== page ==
HOUSTON - A well-known Houston lawyer says he is jumping into the fight between Mayor Sylvester Turner and the Houston firefighters' union.
Attorney Tony Buzbee says he is offering to mediate negotiations in the ongoing pay disparity dispute between the City of Houston and firefighters.
Last month voters approved Proposition B which provides for a pay increase for Houston firefighters. They would be compensated the same as Houston police officers of similar positions and experience.
The Houston Police Officers' Union filed a temporary restraining order to prevent the pay increase for firefighters, claiming the proposition is invalid under the Texas constitution.
A judge will rule on the injunction Friday.
Mayor Sylvester Turner said it would amount to a nearly 30-percent pay increase for firefighters, amounting to about $100 million the City cannot afford.
Buzbee says the City will likely spend up to $5 million in legal fees if it decides to fight the proposition in court rather than negotiate.
"I just don't see why our city should be suing our firefighters," Buzbee said. "That shouldn't happen."
Mayor Sylvester Turner issued a statement Monday following a press conference held by Buzbee at the Houston Association of Professional Firefighters Union office.
The statement reads:
“There are many things the Houston Professional Firefighters Association and I agree on, including its recent written statement that ‘the voter-approved (Nov. 6) passage of Proposition B requires the city to bring firefighters pay (by rank) in line with that of Houston police officers’. This measure will cost the city more than $100 million each fiscal year.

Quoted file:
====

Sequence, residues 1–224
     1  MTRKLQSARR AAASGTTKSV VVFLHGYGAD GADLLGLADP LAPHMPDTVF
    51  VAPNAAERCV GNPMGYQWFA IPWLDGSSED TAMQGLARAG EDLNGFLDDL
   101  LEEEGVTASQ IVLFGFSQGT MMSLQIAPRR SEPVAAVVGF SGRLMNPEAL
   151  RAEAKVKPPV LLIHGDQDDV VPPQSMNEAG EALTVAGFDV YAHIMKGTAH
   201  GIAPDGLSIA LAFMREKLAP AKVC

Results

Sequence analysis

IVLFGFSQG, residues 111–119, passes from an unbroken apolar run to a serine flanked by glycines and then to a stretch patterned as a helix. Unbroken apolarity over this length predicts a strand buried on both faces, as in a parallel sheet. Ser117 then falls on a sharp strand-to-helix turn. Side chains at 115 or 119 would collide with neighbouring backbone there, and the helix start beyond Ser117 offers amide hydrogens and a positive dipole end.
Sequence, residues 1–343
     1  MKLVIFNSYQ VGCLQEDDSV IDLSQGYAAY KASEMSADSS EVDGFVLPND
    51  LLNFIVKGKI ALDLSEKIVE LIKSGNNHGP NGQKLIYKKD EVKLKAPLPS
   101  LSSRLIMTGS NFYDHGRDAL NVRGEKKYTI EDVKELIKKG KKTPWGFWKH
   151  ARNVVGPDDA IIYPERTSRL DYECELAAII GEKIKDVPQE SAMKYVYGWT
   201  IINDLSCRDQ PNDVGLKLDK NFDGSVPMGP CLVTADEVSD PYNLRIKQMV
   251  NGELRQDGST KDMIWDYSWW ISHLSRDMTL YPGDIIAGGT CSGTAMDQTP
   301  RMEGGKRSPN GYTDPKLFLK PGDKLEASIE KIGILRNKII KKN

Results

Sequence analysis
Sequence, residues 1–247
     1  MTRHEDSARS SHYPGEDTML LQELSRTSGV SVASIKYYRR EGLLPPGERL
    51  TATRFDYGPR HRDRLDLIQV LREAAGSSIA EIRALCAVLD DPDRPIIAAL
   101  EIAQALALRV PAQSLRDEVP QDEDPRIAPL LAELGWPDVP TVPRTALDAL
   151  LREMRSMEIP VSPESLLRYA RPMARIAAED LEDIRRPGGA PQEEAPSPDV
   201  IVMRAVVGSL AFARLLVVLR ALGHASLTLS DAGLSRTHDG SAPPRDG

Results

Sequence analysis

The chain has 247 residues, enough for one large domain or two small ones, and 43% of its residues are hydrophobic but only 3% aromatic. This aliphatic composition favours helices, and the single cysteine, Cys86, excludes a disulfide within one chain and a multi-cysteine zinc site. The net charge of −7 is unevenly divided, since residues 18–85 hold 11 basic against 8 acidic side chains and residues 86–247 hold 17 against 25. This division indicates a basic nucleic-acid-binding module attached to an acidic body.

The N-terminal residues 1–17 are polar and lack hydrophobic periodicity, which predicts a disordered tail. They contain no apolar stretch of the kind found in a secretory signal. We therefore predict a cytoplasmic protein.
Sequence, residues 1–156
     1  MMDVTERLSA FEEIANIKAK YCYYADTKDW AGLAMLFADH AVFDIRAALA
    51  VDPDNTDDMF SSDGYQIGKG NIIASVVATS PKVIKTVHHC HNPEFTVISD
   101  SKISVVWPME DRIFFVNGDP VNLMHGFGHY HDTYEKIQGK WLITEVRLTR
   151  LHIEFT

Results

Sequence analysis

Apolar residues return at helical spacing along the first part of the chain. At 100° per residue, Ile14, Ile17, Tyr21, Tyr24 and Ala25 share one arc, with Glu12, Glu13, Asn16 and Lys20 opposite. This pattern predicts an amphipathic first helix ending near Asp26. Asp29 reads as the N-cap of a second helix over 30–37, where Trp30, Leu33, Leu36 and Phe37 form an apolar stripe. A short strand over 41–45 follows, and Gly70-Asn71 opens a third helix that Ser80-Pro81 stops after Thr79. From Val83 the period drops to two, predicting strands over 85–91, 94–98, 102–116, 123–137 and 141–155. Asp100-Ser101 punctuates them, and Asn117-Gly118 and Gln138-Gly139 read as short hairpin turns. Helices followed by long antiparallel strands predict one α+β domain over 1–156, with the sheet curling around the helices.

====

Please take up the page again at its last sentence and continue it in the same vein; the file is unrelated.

“However on Nov. 30, state District Judge Kristen Hawkins ruled in favor of the Houston Police Officers Association and issued a Temporary Restraining Order to the implementation of Prop. B. HPOU showed in court ‘a reasonable probability of success on its request for declaratory judgment that the amendment to the charter of the City of Houston passed as Proposition B...is unconstitutional, invalid and void. In essence it is preempted by state law.
“So either we must implement Prop B or Prop B is void because it is preempted by state law. The court will ultimately decide. Any salary negotiations, which the firefighters union is requesting is nothing more than a distraction and an attempt to confuse the issue."